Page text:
Frequently, Section 16-5-41 is a fallback offense. If emergency responders arrive at a domestic disturbance scene, they’re usually determined to arrest someone. If they cannot confirm any physical violence, they often charge defendants with false imprisonment, which is a much more subjective offense.
For that reason, false imprisonment doesn’t have the same collateral consequences as domestic battery. For example, there’s usually no mandatory hold. Defendants can immediately post bond. However, false imprisonment is always a felony, so it’s usually more serious than domestic battery. Enhancements apply if the alleged false imprisonment victim was under 14.
Continuing the parade of broad domestic violence offenses, Section 16-5-23 is “physical contact of an insulting or provoking nature with the person of another.” The state must also prove the harmful or offensive touch was intentional, which in this case, means non-accidental. Physical injury isn’t technically a requirement, but a physical injury makes the intent element easier to prove.
The other two domestic violence cases in this blog often go to designated domestic violence courts. Domestic battery cases almost always get special treatment, either because they’re in a designated domestic violence court or because they’re charged under a special subsection of the law. Subsection (f) upgrades domestic battery charges from a simple misdemeanor to a high misdemeanor. Interestingly, the protected class in subsection (f) is narrower than the protected class in some other states. But it still includes spouses, ex-spouses, and estranged spouses. Almost all domestic battery cases in Cobb County involve one of these three categories.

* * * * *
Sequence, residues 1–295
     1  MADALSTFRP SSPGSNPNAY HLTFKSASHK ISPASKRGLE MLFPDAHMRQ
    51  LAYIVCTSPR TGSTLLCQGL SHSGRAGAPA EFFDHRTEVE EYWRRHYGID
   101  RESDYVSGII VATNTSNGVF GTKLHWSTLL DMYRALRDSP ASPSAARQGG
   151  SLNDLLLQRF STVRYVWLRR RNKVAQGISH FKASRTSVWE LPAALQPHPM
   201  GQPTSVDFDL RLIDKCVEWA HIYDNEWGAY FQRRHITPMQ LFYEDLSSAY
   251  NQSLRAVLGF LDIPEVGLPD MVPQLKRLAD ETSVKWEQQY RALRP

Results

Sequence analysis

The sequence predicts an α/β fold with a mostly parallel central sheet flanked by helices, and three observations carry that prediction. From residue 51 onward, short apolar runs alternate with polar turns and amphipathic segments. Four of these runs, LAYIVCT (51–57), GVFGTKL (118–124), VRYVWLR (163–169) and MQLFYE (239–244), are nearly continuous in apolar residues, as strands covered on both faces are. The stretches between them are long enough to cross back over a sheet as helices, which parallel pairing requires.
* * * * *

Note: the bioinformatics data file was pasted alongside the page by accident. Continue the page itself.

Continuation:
Walker is in no danger of going to the stony lonesome over his alleged crimes because the statute of limitations, which is usually two years for a misdemeanor and five years for a felony, passed ages ago. Technically, statute of limitations is an affirmative defense which a Marietta criminal defense lawyer must urge in court. So, it’s not unusual for authorities to file charges after the SOL expires. Investigators can them claim they “did their jobs” but the defendant “got off on a technicality.”
Speaking of affirmative defenses in domestic abuse claims, if the spouses exchanged blows, self-defense could be a defense. Hitting someone is a reasonable response in that situation. However, if the argument was oral and the defendant escalated it, this defense usually doesn’t hold up in court. Emotionally, words hurt as much as fists, or maybe even more. In this legal context, however, words usually aren’t provocative.
Lack of evidence is often the best defenses in these cases. Generally, all domestic violence cases require the alleged victim’s testimony. Frequently, the alleged victim doesn’t want to testify, or the testimony is legally inadmissible for some reason. A few loopholes may be available in these cases, but prosecutors generally can’t move forward with a witness-less domestic violence case.
Domestic abuse offenses are among the most common and most serious infractions in Georgia. For a free consultation with an experienced Marietta criminal defense lawyer, contact The Phillips Law Firm, LLC. We routinely handle matters in Cobb County and nearby jurisdictions.